Our country today is in a bad state for its land is full of fools-and fools in a country delay the independence of its people. K.A.U. seeks to remedy this situation and I tell you now it despises thieving, robbery and murder for these practices ruin our country. I say this because if one man steals, or two men steal, there are people sitting close by lapping up information, who say the whole tribe is bad because a theft has been committed. Those people are wrecking our chances of advancement. They will prevent us getting freedom. If I have my own way, let me tell you I would butcher the criminal, and there are more criminals than one in more senses than one. The policeman must arrest an offender, a man who is purely an offender, but lie must not go about picking up people with a small horn of liquor in their hands and march them in procession with his fellow policemen to Government and say he has got a Mau Mau amongst the Kikuyu people. The plain clothes man who hides in the hedges must, I demand, get the truth of our words before be flies to Government to present them with false information. I ask this of them who arc in the meeting to take heed of my words and do their work properly and justly. . . .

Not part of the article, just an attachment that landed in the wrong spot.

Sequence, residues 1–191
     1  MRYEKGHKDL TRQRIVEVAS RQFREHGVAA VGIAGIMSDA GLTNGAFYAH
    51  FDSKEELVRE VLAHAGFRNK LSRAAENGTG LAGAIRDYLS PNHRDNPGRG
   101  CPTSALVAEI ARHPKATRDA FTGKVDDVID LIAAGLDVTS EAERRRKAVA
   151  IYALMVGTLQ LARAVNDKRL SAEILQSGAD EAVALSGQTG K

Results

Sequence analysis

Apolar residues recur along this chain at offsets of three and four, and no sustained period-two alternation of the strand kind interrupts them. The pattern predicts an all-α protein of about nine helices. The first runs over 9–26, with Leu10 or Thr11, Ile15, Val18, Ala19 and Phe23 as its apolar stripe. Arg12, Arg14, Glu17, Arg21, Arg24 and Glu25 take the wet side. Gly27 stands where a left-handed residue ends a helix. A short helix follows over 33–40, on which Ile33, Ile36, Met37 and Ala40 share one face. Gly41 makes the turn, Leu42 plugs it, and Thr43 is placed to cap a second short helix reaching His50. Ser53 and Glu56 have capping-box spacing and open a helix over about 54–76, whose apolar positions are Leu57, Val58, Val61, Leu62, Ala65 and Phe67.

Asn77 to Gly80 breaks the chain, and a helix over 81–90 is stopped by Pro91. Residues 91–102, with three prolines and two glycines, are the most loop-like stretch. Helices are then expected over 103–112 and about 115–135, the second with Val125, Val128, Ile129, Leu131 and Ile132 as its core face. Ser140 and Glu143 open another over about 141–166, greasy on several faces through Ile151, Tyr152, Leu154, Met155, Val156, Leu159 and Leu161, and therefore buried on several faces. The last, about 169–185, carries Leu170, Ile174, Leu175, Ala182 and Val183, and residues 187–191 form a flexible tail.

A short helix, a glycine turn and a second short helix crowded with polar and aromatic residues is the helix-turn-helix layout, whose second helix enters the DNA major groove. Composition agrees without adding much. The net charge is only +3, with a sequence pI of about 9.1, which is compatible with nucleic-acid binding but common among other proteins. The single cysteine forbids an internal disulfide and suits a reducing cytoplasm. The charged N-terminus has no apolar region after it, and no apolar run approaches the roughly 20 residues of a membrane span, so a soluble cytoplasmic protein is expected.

. . . Do not be scared of the few policemen under those trees who are holding their rifles high in the air for you to see. Their job is to seize criminals, and we shall save them a duty today. I will never ask you to be subversive but I ask you to be united, for the day of Independence is the day of complete unity and if we unite completely tomorrow, our independence will come tomorrow. This is the day for you to work bard for your country, it is not words but deeds that count and the deeds I ask for come from your pockets. The biggest subscribers to K.A.U. are in this order. First, Thomson's Falls branch, second, Elburgon branch and third Gatundu branch. Do you, in Nyeri branch, want to beat them? Then let us see your deeds come forth.